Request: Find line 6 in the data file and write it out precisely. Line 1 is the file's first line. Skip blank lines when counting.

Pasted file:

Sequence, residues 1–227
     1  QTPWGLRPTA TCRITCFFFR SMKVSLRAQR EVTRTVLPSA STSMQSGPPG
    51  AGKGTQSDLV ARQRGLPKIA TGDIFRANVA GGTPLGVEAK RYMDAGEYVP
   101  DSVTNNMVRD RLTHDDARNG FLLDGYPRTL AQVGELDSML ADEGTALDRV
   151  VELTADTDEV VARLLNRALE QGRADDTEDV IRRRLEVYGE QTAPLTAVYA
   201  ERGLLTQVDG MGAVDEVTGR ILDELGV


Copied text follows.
   201  ERGLLTQVDG MGAVDEVTGR ILDELGV